Four Burgers Restaurant

Four Burgers, 704 Massachussets Ave.

Asmara Restaurant
739 Massachusetts Ave.

Opened in 1986, Asmara is Boston’s oldest Eritrean restaurant. Named after the capital of the northeastern African nation of Eritrea, Asmara specializes in spicy African cuisine that is similar to Ethiopian cuisine. Be sure to wash your hands before you come; there’s no silverware here. Diners scoop the food with pieces of injera—a spongy, sour, fermented flatbread made from rice flour and teff. Served at traditional mesobs, large table-like baskets, the meals are hearty and authentic. For a unique experience, try the zihla: cubes of raw tenderloin beef tips lightly fermented in pepper paste and served with spiced butter.

1369 Coffee House
757 Massachusetts Ave.

Located across the street from the city’s main post office and City Hall, 1369 Coffee House was serving Central Square’s caffeine addicts long before Starbucks opened down the street. This charming coffee shop prides itself on its specialty recipes, including chai tea blend and frozen mocha slide. The shop brews numerous varieties of coffee and fine loose-leaf teas from around the world and sells several varieties of coffee beans for those who like to sip their coffee at home. Homemade muffins and cookies are baked every morning, and local bakers provide scones, croissants, and cakes. Lunch fare consists of homemade soups, salads, sandwiches, and quiche.

Garden at the Cellar
991 Massachusetts Ave.

A self-dubbed “gastropub,” Garden at the Cellar models itself after British gastropubs offering beer and food of higher quality than the proverbial pub grub. Culling its ingredients from local farms and gardens, the place serves dinner entrées like spicy lamb gnocchi, steak frites, and aged duck breast. Flatbreads, soups, salads, and small plats du jour round out the menu in a relaxed atmosphere festooned with locally grown herbs and plants.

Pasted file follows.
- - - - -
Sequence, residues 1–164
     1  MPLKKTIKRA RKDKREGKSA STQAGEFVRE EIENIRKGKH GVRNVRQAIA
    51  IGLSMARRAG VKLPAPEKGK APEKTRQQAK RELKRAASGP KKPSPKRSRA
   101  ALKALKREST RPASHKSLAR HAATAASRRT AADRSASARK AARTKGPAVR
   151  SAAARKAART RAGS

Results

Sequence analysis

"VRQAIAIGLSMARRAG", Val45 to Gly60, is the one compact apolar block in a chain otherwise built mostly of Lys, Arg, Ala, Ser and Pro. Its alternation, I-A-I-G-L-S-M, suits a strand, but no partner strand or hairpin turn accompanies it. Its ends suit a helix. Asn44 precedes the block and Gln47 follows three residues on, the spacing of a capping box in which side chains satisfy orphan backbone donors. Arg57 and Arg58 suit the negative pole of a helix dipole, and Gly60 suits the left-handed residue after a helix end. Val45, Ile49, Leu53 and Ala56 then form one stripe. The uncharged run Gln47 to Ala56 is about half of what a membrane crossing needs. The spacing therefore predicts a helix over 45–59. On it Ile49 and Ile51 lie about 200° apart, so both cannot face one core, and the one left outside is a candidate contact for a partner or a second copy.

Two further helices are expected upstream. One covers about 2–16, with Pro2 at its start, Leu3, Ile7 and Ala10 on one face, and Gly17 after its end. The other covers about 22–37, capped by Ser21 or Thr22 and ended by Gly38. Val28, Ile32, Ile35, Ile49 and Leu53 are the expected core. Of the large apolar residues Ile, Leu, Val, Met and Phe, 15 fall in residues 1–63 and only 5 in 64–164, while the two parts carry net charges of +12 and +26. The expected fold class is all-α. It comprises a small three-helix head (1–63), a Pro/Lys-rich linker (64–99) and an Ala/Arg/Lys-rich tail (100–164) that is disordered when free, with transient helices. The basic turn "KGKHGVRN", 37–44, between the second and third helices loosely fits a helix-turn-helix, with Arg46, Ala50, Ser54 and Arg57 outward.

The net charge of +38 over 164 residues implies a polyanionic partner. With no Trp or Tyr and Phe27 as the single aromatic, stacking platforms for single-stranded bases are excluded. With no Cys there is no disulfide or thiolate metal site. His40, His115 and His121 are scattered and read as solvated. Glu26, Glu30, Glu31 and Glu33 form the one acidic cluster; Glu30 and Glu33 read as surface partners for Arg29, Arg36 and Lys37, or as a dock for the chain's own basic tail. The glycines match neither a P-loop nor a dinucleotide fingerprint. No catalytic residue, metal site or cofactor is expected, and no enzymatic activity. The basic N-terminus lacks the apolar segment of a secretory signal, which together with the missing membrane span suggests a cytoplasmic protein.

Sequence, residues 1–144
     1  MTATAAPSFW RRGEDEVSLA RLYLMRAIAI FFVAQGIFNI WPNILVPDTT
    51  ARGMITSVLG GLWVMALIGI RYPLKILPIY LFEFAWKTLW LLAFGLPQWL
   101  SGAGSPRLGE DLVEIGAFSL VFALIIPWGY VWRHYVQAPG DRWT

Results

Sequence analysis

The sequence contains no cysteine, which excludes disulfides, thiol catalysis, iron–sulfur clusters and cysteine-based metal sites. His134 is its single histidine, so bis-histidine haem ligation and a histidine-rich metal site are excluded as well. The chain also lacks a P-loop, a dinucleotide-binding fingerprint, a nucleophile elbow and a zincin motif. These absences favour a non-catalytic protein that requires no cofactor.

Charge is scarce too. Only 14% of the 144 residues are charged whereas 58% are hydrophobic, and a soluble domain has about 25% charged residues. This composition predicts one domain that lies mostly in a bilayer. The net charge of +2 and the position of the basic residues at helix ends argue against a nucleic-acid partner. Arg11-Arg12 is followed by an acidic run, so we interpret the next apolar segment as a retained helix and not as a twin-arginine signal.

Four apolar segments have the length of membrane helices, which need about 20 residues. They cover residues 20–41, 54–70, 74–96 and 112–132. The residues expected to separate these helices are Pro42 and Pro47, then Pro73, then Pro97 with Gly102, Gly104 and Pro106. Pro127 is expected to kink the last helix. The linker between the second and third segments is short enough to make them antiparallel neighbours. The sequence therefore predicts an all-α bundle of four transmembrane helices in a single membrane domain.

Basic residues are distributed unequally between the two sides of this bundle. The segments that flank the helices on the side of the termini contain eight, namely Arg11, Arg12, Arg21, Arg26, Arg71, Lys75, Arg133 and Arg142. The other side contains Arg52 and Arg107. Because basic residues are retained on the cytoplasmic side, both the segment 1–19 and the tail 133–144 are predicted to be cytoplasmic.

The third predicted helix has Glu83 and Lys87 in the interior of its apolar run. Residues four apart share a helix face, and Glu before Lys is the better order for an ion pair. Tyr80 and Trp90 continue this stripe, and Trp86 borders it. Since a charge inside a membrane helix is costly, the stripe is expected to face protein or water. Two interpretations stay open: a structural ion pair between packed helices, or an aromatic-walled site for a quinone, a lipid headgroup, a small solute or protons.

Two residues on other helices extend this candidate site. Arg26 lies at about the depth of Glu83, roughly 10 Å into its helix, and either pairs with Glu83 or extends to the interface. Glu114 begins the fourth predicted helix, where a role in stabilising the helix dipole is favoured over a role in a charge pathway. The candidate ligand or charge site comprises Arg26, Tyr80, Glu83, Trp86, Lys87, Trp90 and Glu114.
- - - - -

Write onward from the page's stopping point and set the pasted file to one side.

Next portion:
Andala Coffee House, 286 Franklin St.

Andala Coffee House, 286 Franklin St.

Andala Coffee House
286 Franklin St.

Andala (“nightingale” in Arabic) is a cozy place to spend an afternoon curled up with a book or chatting with friends. The staff is friendly, and the gleaming hardwood floors, marble-top tables, and Persian rugs offer an old-world elegance. The coffeehouse offers all sorts of teas, Arabic coffees, and a limited—but delicious—breakfast and lunch menu. Try zeit u zaatar and lahneh, a traditional Arabic breakfast of strained yogurt, olives, olive oil, and spices, served with warm bread. And be sure to order the fresh-squeezed orange juice. Andala describes itself as a place “where America meets the old city of Jerusalem, where history and politics, art and culture are served with the authentic tastes of Palestine.”

TT the Bear’s Place
10 Brookline St.

Opened in 1989, this nightclub hosts up-and-coming music acts in a cozy space. Performers hail from Boston and out-of-town (Smashing Pumpkins and Indigo Girls played here back in their salad days), and there’s a poolroom and bar featuring a number of local microbrews. TT’s has live music most nights and no cover charge, but all shows are 18-plus. Check out the calendar here and find information on tickets here.

Pandemonium Books & Games
4 Pleasant St.

A haven for sci-fi fans and gamers alike, Pandemonium has been a Cambridge landmark for over 20 years. The first floor has a broad collection of new and used science fiction, fantasy, and horror books, and the basement is dedicated to the gaming section. The store hosts different gaming events each night, including Monday night Yu-Gi-Oh! tournaments.

Pandemonium Books and Games

Pandemonium Books and Games, 4 Pleasant St.

The Women’s Center
46 Pleasant St.

In 1971, a group of women seized an abandoned Harvard-owned building to protest racism, sexism, and domestic violence. This led to the establishment of the Women’s Center, a community center that provides crisis intervention and counseling for women of all ethnic and socioeconomic backgrounds, many of whom are uninsured. Monthly workshops focus on topics such as diversity, health issues, personal empowerment, and economic literacy. Volunteer opportunities and internships are available. For more information, call 617-354-6394.

Rangzen Tibet Restaurant
24 Pearl St.

Rangzen is the perfect eatery for vegetarians. Nearly half of the menu is meatless (there are vegan options too) and the food is flavorful and filling. Tibetan food is best described as light, savory fare that will leave you comfortably full without feeling stuffed. The atmosphere at Rangzen is tranquil, the waitstaff is friendly, the prices are reasonable, and the cuisine is delicious. Try the oven-roasted eggplant cooked with onion, tomatoes, cilantro, ginger, and spices or the potatoes with cauliflower, cooked with vinegar, onion, tomatoes, and scallions and served in a yogurt and tumeric sauce.

Craigie on Main
853 Main St.